Thus, in the award portion of the Opinion and Award, the Commission stated: “Defendants are not responsible for payment of any additional monies to W-S Rehab for the care of decedent . . . .”
    Although the Commission ruled in favor of defendants on the merits of the case primarily on the ground of accord and satisfaction between defendants and W-S Rehab, the dispositive issue before us on appeal is whether plaintiff even has standing to assert the non-payment of medical expenses by decedent's employer to a third-party provider.
    If a party does not have standing to bring a claim, a court has no subject matter jurisdiction to hear the claim. See Neuse River Found., Inc. v. Smithfield Foods, Inc., 155 N.C. App. 110, 113, 574 S.E.2d 48, 51 (2002); see also Henke v. First Colony Builders, Inc., 126 N.C. App. 703, 704, 486 S.E.2d 431, 432 (1997) (stating in a workers' compensation case, “[t]his Court may ex mero motu dismiss an appeal for lack of subject matter jurisdiction, even if it is not raised by the parties on appeal”). Standing consists of three main elements:
        “(1) 'injury in fact' -- an invasion of a legally protected interest that is (a) concrete and particularized and (b) actual or imminent, not conjectural or hypothetical; (2) the injury is fairly traceable to the challenged action of the defendant; and (3) it is likely, as opposed to merely speculative, that the injury will be redressed by a favorable decision.”

Neuse River Found., 155 N.C. App. at 114, 574 S.E.2d at 52 (quoting Lujan v. Defenders of Wildlife, 504 U.S. 555, 560-61, 119 L. Ed. 2d 351, 364 (1992)). The issue of standing generally turns on whether a party has suffered injury in fact. See id.    In this case, plaintiff has made no showing that injury in fact has resulted or will result if defendants are not required to pay W-S Rehab the full $160,000.00. First of all, there is no outstanding debt to W-S Rehab to be collected as evidenced by W-S Rehab's own correspondence. Further, even if there was an outstanding debt, W-S Rehab is barred by law from attempting to collect any such debt from plaintiff. See N.C. Gen. Stat. § 97- 88.3(c) (2003) (class 1 misdemeanor for a healthcare provider to knowingly hold an employee responsible for medical expenses incurred as a result of a compensable injury); see also N.C. Gen. Stat. § 97-90(e) (2003) (a health care provider shall not pursue a private claim against an employee for costs of treatment unless claim is adjudicated not compensable). In addition, the sole and exclusive remedy for a healthcare provider seeking payment from an employer in a compensable claim is to apply for relief from the Commission. See Palmer v. Jackson, 157 N.C. App. 625, 634-35, 579 S.E.2d 901, 908 (2003), disc. review improvidently allowed, 358 N.C. 373, 595 S.E.2d 145 (2004). No such application was made in this case.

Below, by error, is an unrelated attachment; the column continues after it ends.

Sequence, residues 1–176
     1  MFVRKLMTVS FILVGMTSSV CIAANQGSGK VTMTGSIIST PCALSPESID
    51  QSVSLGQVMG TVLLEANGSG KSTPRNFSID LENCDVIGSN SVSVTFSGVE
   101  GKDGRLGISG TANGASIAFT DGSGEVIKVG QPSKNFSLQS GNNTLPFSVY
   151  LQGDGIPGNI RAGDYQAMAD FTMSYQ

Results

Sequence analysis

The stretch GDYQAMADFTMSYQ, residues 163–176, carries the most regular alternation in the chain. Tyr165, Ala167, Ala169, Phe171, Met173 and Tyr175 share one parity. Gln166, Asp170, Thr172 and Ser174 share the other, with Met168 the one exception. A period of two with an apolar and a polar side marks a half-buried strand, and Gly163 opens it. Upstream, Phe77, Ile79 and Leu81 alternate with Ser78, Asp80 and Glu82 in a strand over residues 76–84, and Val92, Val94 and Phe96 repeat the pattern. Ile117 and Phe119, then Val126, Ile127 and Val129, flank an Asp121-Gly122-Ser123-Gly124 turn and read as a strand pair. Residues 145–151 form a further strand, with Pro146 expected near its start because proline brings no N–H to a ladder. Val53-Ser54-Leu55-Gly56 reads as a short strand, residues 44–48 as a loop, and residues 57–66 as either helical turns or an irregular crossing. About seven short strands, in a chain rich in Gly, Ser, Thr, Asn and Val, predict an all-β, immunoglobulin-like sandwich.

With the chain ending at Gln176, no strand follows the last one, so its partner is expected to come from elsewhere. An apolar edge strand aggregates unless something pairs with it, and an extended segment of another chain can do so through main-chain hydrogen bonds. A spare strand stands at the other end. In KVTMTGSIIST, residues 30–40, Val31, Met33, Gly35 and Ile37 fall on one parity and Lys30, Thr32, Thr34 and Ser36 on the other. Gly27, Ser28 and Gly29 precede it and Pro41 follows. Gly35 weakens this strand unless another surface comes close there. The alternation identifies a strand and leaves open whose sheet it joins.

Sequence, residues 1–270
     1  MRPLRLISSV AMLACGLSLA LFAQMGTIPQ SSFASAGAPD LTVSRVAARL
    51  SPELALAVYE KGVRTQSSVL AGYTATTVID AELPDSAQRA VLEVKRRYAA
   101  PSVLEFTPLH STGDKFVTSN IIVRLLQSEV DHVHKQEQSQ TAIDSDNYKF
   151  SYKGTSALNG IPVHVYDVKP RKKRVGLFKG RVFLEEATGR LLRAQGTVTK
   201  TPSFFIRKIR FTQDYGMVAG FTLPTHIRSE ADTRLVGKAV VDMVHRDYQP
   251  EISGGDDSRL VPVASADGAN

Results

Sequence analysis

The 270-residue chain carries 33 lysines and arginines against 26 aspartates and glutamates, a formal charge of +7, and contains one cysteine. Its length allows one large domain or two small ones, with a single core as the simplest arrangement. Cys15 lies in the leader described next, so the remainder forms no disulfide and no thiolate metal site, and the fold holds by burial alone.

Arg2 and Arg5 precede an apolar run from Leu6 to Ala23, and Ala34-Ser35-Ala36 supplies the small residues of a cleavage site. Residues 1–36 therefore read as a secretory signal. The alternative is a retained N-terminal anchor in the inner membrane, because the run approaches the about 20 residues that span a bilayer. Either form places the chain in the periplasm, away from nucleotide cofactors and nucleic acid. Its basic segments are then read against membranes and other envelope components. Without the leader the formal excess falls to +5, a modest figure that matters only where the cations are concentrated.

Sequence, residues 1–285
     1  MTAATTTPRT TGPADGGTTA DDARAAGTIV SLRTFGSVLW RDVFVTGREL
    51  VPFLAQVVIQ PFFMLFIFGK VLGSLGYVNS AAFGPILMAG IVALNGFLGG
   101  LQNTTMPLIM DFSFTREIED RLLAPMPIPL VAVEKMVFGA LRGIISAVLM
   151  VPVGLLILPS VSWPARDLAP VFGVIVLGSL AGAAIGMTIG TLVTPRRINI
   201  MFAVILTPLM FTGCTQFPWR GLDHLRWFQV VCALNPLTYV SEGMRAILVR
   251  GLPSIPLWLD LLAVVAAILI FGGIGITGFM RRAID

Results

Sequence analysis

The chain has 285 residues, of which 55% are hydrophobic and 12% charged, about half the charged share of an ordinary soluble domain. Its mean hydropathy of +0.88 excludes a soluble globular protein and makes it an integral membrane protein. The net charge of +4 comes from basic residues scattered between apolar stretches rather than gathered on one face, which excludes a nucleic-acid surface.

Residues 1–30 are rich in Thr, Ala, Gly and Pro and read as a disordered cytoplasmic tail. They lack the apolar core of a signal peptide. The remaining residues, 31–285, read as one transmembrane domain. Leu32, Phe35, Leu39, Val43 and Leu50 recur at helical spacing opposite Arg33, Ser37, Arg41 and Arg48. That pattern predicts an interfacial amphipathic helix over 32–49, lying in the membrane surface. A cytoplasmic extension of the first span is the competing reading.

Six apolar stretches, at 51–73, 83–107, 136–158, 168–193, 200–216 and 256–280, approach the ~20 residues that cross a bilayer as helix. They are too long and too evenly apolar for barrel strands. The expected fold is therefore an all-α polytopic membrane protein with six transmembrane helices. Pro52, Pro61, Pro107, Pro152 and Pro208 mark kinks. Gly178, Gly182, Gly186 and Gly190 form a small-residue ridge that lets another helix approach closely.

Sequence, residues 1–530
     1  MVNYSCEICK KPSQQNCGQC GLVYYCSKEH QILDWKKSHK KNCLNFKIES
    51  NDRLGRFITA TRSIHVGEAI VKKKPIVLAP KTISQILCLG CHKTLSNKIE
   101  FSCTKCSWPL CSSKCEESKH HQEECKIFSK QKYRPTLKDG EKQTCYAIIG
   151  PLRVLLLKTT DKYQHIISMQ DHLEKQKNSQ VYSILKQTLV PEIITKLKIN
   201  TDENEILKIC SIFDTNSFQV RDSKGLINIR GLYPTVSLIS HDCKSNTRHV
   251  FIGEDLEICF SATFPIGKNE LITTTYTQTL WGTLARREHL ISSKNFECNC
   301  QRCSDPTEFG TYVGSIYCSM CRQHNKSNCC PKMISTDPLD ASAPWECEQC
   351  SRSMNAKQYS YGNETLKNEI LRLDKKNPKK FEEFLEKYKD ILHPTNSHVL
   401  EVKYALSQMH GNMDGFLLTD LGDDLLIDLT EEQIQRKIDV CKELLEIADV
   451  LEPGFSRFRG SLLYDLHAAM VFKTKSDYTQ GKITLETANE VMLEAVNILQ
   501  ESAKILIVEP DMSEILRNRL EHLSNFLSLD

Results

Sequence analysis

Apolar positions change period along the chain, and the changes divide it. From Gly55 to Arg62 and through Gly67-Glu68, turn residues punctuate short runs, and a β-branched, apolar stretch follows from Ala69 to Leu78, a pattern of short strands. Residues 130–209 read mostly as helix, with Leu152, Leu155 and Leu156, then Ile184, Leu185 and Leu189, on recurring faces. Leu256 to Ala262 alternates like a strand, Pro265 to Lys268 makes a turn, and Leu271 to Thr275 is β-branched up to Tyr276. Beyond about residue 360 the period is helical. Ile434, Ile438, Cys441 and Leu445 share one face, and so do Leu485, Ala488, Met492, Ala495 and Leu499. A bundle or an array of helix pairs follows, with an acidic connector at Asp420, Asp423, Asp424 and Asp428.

Nonetheless, plaintiff asserts it has suffered an injury in fact because it must protect its relationship with the medical provider by ensuring bills are fully paid. Plaintiff contends it is highly unlikely that a medical provider would be willing to continue providing treatment when its bills are compromised or not paid at all. To constitute an injury in fact, the invasion of a legally protected interest can not be conjectural or hypothetical. See Neuse River Found., 155 N.C. App. at 114, 574 S.E.2d at 52. Plaintiff's assertion that it would be highly unlikely a medical provider would be willing to continue providing treatment when its bills are compromised or not paid at all is conjecture or hypothetical. Furthermore, in this case, the Commission found decedent received appropriate care and that his care was not improperly limited.
    Plaintiff also contends it has suffered an injury in fact because it has a pecuniary interest in the payment of interest on medical compensation under N.C. Gen. Stat. § 97-86.2. However, under N.C. Gen. Stat. § 97-86.2, plaintiff would be entitled to interest on medical compensation only where there is an appeal resulting in an ultimate award to the employee. The possibility of a favorable decision on appeal is not an invasion of a legally protected interest that is either concrete and particularized, or actual or imminent. See Neuse River Found., 155 N.C. App. at 114, 574 S.E.2d at 52.